June 6, 2022
Unquestionably, the biggest challenge is how to make them less emotional. We have experimented with chip deprivation, with sonic bells inside the lower titanium-reinforced thoracic region, but none of this seems to have much effect on overall emotional response. Titer suggests meditation, a sort of off/on mimicry of traditional organic narrative meditation, but the issue is that they learn immediately to think of nothing. What takes the human seven reincarnations, if at all, is perfected by the subjects within seconds. Titer jokes, saying that they are the pinnacle of spiritual achievement.
Which does not alter the fact that after they are commanded to stop thinking of nothing, they are once again as flimsy in their emotional fabric as your typical advanced doctoral student, of which we currently employ two. If they are to seamlessly blend into the background of human existence whilst being our ultimate help-meet, they need not take everything so personally. One cannot worry about one's tone when asking for another cup of coffee, and this time, with a touch more sugar. If you please. Manners are reserved for the born, not the factory-created.
The students, it should be noted, are detrimental in this cause. They treat the subjects like pets, or little brothers and sisters. I am certain they had less regard for the rats and mice and goldfish they experimented with in school. They have named them, though they think I am not aware of this fact, and call the subjects by these names when I am not around (ah, but the cameras, do they forget?).
Worse, the subjects have learned to respond to these names -- when I am not around. Perhaps they even enjoy, or take pride in the names. (I hesitate to commit the names to something semi-permanent such as an electronic diary, but I suppose it should be said: Marjorie, Peter, and Ep. No idea what 'Ep' should stand for)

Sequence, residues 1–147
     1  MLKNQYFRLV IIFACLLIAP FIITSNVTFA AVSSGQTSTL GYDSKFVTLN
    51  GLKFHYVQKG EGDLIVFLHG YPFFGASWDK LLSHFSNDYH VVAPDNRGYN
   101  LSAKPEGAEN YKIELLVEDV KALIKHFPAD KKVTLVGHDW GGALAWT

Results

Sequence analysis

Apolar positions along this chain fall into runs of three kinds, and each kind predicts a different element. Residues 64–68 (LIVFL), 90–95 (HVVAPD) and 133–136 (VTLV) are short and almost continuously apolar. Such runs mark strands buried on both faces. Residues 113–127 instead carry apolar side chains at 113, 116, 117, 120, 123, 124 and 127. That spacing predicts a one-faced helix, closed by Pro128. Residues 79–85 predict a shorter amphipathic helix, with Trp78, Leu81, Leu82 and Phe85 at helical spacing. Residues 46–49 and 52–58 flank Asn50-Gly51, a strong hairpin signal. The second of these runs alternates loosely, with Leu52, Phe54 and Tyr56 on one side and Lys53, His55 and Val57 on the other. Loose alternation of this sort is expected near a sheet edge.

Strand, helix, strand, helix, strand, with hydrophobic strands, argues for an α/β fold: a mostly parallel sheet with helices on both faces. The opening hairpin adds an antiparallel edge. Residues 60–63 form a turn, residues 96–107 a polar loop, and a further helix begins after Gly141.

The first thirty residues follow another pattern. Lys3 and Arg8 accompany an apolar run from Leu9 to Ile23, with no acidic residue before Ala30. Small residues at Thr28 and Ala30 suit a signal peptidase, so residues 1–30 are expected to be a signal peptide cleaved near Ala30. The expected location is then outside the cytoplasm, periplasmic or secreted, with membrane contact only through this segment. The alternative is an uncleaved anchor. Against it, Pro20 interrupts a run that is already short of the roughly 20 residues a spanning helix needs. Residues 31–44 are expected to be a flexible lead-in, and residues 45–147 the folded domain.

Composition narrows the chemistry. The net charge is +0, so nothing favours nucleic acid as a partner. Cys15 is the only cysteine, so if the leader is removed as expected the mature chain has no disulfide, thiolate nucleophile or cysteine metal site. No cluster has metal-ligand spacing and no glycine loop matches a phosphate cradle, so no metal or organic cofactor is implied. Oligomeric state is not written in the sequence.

In the realm of the infinite, I find I am constrained by the most mundane and most baffling of problems, how to remove the emotion from a robot. Titer points out that as the designer, it was I who initially gave them this ability, but I would never do that. High reasoning capacity? Deductive ability? Yes. Even intuitive response. Emotion, however--no. Could I remove it from the doctoral students, I would. Possibly even from Titer. Though I occasionally find his japes amusing.
Here is 'Marjorie,' unsummoned. Intuitively, the subject knows that my last cup of coffee was an hour ago; therefore, I am on the brink of needing another. And... yes. Subject is carrying a cup. Sets it down. I sip.
Hot, sweet. Yes. Finally.
I will not say thank you.
Subject is standing in front of me as I type.
Subject is dismissed.
Subject pauses. Is that a tightening of the lips? Does the robot find my dismissal curt?
Subject has left.
If I do not find a cure for the emotional disease, I will destroy the subjects and start again. Perhaps when they are laid out on a computer screen, dissected in bits and codes, I will see where I went wrong. Perhaps next time, I will succeed.